I could, but everything I've read from you gives me the impression that you'll make up some long-winded rant about what I say, completely disregarding or resorting to hilarious logical fallacies to prove your point. Again, you're so far away from reality that it's genuinely not worth my time to put in the point-by-point breakdown that SpokenTruth and others have already done. 

I might as well be playing dodge ball with Flat-earthers where each ball is a globe for all the good it'd do either of us.

I've seen plenty of people who actually care about logic, rationality, and maturity in this very heated, very serious discussion. you are not one of them. 

Well until you break it down, I'm afraid I can't help you.



KLAMarine said:
sundin13 said:

How you feel the victim should have been acting is entirely irrelevant. The relevant question is "Was Arbery legally allowed to act in self defense", and I don't think there is any argument against this. If there is, you certainly haven't presented it. If a fast food worker feels they are in danger and tries to grab the gun that the robber is pointing at them, the robber isn't suddenly legally allowed to shoot the worker.

What you think is best practice for victims is entirely irrelevant to the legal questions at hand...

Actually, for everyone's benefit, I'll just list out what I believe to be the relevant legal questions (If anyone has anything more, feel free to chime in):

1) Were the actors legally allowed to arrest Arbery?

2) Was Arbery legally allowed to act in self-defense?

3) Was the shooter legally allowed to act in self-defense?

Good questions... I kinda wanna leave it up to the court at this point.

At least they're getting paid for their time...

JWeinCom said:

So... if a robber shows up in your store and tries to rob you, and you try to disarm them and gets shot, the robber should not be charged with any crime?  The rule you're suggesting is that when someone has a gun they get to do what they like without criminal repercussions?

Where did you get the idea that I thought the gunmen should get off without any charges? Was it a post of mine earlier in this thread?

Runa216 said:

I could, but everything I've read from you gives me the impression that you'll make up some long-winded rant about what I say, completely disregarding or resorting to hilarious logical fallacies to prove your point. Again, you're so far away from reality that it's genuinely not worth my time to put in the point-by-point breakdown that SpokenTruth and others have already done. 

I might as well be playing dodge ball with Flat-earthers where each ball is a globe for all the good it'd do either of us.

I've seen plenty of people who actually care about logic, rationality, and maturity in this very heated, very serious discussion. you are not one of them. 

Well until you break it down, I'm afraid I can't help you.

"In this situation, what rules are you suggesting?  What do I have to do as the victim?  What do I have to wait for before I could defend myself?  Should I have When should the gunman have a legal right to shoot me without legal repercussions?"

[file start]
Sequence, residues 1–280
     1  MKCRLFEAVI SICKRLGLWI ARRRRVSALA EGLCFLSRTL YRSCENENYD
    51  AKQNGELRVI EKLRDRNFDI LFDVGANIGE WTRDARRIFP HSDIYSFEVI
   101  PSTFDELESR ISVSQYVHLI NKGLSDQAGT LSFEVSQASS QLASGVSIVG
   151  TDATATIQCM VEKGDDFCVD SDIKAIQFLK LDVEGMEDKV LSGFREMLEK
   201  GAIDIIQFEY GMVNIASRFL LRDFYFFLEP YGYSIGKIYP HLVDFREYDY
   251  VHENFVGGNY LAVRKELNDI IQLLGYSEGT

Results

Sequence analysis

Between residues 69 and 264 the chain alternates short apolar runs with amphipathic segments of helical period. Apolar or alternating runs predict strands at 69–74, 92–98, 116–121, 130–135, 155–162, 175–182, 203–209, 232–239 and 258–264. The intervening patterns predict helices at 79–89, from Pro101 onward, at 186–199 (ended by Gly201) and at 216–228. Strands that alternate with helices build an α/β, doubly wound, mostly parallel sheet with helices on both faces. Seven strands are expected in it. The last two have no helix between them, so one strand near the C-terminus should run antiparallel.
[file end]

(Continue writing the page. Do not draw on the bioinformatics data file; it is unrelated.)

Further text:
That was my question, and you responded with an example with robbers and that you shouldn't try to defend yourself... so that seems to me that you're saying that's a situation where someone can shoot without repercussions.

But pretty much every post you made seemed to indicate to me that you didn't think the killers should face any consequences.  If I misunderstood you on either point, then feel free to clarify your position.



JWeinCom said:

The problem with what you're saying is that self-defense does not mean you're responding to an actual threat.  Self-defense only deals with what was going on in the defendant's head.  Someone can be justified in self-defense even if the other party is not the aggressor.

For instance let's say a man has a girlfriend.  The man has a daughter in college, who the girlfriend does not know about.  The man also hasn't yet told his daughter about his girlfriend.  His wife passed a year ago, and he wasn't sure how his daughter would react to him dating again.

The father's birthday is this weekend.  Daughter comes home on Friday night to surprise her father but he's not home.  She texts him, but as it so happens, his friends took him out on a hunting trip to celebrate the big day.  He texts his daughter telling her this and that he won't be back until Sunday morning.

Meanwhile, the girlfriend bought the father who is a gun collector a shotgun for his birthday.  The gun is unloaded.  At midnight, the girlfriend enters the home with the shotgun in hand through the back door which she knows is usually unlocked.  She intends to leave the shotgun on the father's bed and begins walking up the stairs.  

The daughter hears foot steps.  As she knows her father is not going to be home she is scared.  She picks up a baseball bat she has in her room an opens her door.  As soon as she does she sees the girlfriend with the shotgun in hand.  Panicking, she swings the bat at the girlfriend's head.  The girlfriend drops the gun and says "ouch what the fuck". Then she explains the situation, and the two have a laugh about it.